I was sixteen years old and I had already figured it out. I wanted to be a journalist. I became obsessed with all things news and made it my business to know what was happening around the world and in my community.
I watched shows like 60 Minutes and BCC News religiously, and I cried when Ed Bradley died. I idolized people like Christiane Amanpour and Morley Safer, and did the research to know that the industry is cut throat. I was ready to work in the trenches and do the dirty work – all while being paid a menial wage.
I dedicated the next four years of my life to making Journalism my career, but now that the finish line is within reach a doubt that I have never felt before has set in. In the past four years I have grown more than I ever imagined possible. I built relationships with the wrong people that set me on destructive paths, but more importantly I met people that helped me find my way back.
Now I find myself sitting at my internship wondering how I can do what I love and still have time for the people that I love. I struggle to find a balance and I am continuously discouraged when experienced journalists ask, “Where do you plan to move, Eugene or Medford?” and say things like “Well, learn to love nights and weekends and plan to kiss your holidays goodbye.”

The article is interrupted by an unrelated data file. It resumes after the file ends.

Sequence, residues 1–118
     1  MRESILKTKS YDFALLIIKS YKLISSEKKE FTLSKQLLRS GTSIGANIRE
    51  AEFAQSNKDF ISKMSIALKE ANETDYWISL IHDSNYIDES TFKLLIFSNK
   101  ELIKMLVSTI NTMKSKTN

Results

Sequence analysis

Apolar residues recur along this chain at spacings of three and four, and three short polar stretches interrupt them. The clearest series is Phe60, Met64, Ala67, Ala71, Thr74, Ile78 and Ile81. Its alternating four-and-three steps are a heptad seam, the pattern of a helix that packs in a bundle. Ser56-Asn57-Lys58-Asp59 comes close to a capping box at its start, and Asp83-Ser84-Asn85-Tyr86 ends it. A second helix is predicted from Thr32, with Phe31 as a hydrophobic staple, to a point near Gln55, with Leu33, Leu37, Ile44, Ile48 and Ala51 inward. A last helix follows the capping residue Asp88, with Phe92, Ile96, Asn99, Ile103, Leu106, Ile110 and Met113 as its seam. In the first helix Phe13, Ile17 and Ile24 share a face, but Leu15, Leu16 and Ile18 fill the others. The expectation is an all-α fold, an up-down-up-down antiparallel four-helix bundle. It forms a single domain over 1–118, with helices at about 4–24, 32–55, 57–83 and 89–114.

I knew starting out that this was no easy task, but I think what my internship has helped me realize is that these choices don’t only affect me. I never imagined that I would have the ties and need to be close to someone like I do now, and it’s nothing short of terrifying trying to figure it all out.